Belfast’s second Rangeways marker will be installed on Saturday, October 1 at 1pm at Upper Bridge East, just off the Kaler Road. Waterfall Arts invites all to attend this public art event where the very large natural stone marker, harvested and split at the Four Fossils Granite Inc quarry in Vinalhaven, will be moved into place by a boom truck accompanied by short dedication remarks. Drive, walk, row, paddle, bike or sail on over – rain or shine.
The first rangeway marker was installed at the Allyn Street shore access path in November 2010. Belfast has seventeen public shore access points or paths, often referred to as rangeways. The marker project is a collaborative effort spearheaded by Waterfall Arts, with funding from the NLT Foundation, the Maine Arts Commission and the Davis Conservation Fund, in conjunction with the City, the Belfast Bay Watershed Coalition, Maine Birding Trail, the Parks and Recreation Commission, and the Pedestrian, Hiking, and Biking Committee. Key also to the success of the project has been the input and collaboration with the neighborhood of each rangeway.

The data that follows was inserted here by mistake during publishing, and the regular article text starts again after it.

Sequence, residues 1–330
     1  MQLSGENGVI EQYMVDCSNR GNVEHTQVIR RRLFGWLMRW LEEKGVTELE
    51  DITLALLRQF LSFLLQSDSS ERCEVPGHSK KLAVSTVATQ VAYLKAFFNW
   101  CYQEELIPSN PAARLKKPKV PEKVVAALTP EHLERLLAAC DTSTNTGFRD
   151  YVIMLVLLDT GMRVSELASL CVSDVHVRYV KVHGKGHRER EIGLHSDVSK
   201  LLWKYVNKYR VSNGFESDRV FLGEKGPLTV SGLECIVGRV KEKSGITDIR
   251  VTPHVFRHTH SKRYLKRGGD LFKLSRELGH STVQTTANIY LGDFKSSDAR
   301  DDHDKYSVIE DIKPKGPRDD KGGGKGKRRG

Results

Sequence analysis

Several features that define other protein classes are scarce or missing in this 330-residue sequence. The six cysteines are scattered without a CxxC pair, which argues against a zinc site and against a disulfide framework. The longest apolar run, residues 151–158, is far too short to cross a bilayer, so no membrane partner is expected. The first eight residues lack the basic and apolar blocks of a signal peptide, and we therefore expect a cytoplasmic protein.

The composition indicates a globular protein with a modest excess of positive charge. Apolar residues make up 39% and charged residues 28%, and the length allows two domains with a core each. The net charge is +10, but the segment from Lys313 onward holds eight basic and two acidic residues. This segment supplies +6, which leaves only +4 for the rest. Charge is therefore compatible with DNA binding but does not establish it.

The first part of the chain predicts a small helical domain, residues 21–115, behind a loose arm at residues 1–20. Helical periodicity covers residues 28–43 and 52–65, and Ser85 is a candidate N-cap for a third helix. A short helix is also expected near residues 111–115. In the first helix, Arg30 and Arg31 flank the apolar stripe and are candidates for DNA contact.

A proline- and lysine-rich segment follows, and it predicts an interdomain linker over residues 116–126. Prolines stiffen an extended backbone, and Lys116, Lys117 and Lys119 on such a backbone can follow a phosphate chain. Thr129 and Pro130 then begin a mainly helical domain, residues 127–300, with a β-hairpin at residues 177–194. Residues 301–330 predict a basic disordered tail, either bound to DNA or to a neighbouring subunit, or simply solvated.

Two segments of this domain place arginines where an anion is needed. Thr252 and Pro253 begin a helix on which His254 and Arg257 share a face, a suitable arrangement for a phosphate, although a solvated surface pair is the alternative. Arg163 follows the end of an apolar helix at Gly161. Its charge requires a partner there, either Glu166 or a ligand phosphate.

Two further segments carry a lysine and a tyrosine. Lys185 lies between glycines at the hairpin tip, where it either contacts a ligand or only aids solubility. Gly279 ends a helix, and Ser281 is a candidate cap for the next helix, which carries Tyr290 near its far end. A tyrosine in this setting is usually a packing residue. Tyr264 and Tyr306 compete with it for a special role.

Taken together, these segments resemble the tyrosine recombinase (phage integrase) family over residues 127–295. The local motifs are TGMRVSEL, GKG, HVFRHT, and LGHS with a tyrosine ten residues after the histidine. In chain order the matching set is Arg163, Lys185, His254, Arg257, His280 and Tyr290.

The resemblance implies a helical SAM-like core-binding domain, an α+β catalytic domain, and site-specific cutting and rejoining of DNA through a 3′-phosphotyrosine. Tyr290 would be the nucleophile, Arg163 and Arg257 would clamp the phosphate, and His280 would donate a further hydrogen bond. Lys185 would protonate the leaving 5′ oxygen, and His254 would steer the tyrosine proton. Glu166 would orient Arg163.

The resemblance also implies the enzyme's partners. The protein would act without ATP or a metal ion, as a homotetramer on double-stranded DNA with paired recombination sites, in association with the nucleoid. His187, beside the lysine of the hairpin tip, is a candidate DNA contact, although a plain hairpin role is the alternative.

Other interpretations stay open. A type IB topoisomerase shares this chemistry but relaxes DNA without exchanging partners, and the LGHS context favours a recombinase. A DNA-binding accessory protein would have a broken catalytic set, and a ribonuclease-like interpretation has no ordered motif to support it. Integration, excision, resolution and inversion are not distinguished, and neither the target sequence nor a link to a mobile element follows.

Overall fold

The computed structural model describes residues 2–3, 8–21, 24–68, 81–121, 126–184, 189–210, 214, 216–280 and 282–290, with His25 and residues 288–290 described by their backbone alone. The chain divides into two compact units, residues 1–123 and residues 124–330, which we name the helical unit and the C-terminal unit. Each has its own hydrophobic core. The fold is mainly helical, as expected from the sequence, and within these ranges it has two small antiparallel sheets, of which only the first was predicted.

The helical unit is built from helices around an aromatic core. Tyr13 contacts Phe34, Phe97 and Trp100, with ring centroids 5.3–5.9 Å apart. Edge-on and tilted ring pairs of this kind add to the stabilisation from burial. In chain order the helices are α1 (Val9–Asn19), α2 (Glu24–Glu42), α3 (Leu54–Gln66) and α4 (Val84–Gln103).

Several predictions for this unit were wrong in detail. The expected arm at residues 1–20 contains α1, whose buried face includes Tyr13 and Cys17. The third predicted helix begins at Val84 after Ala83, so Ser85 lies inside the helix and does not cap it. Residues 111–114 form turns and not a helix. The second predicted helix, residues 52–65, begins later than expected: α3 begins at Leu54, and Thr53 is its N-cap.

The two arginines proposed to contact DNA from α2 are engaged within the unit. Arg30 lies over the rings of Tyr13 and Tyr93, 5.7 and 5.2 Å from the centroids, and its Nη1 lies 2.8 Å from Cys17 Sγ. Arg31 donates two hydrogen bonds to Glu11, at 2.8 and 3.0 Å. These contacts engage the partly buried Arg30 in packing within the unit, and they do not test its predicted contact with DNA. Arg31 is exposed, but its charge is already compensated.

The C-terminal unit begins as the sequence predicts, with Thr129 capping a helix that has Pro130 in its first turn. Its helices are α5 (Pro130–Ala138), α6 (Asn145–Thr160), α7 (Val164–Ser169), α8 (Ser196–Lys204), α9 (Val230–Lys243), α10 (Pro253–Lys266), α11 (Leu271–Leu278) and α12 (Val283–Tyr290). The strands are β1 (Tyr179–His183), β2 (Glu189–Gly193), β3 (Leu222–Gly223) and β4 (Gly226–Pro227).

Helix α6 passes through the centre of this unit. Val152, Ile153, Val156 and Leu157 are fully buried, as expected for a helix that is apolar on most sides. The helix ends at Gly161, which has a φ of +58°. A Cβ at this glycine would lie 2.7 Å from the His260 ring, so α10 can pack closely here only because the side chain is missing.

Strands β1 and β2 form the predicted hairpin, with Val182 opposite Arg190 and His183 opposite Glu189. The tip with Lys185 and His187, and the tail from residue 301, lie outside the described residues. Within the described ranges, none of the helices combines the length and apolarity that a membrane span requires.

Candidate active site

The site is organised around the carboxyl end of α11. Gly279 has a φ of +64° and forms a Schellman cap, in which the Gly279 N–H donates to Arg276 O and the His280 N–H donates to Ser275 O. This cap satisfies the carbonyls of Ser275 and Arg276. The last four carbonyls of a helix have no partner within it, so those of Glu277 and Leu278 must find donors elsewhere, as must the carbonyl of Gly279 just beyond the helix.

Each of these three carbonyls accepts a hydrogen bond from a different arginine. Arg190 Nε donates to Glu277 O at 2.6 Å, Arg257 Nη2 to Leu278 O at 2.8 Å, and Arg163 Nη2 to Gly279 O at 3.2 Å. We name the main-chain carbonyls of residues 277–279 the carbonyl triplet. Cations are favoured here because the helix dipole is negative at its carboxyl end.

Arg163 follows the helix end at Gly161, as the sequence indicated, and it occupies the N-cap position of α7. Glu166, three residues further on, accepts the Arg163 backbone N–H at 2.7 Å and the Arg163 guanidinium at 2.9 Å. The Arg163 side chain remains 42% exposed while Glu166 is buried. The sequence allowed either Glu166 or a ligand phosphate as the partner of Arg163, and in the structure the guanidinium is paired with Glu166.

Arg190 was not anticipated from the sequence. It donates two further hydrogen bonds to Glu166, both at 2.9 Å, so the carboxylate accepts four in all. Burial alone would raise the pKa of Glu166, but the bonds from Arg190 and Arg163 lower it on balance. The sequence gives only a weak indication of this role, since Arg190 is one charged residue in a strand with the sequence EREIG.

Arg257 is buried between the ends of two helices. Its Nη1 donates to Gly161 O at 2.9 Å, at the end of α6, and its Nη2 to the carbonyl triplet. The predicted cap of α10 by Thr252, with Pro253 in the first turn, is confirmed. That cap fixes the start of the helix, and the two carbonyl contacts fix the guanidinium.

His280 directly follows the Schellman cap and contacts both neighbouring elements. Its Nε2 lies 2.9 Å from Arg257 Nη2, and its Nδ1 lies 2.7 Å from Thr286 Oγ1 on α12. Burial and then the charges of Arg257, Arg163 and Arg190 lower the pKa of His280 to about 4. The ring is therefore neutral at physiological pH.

The design for these public art installations was developed by Stockton Springs artist Douglas Coffin, who is one of the few traditional stone letter cutters in the country. Coffin felt that a simple approach tying all the rangeways and rights of way together was best. He feels that the split stone “gate” suggests “walking from the present into the past, through these ancient rangeways, through the stone that Belfast is built on, from land towards the water that Belfast first thrived on.”
Waterfall Arts, Belfast’s non-profit arts center located at 256 High Street is dedicated to creating community in harmony with nature through the transformative power of the arts. For more information on the Rangeways project, art classes, exhibitions, residencies, studio rentals and events, visit www.waterfallarts.org or call 207-338-2222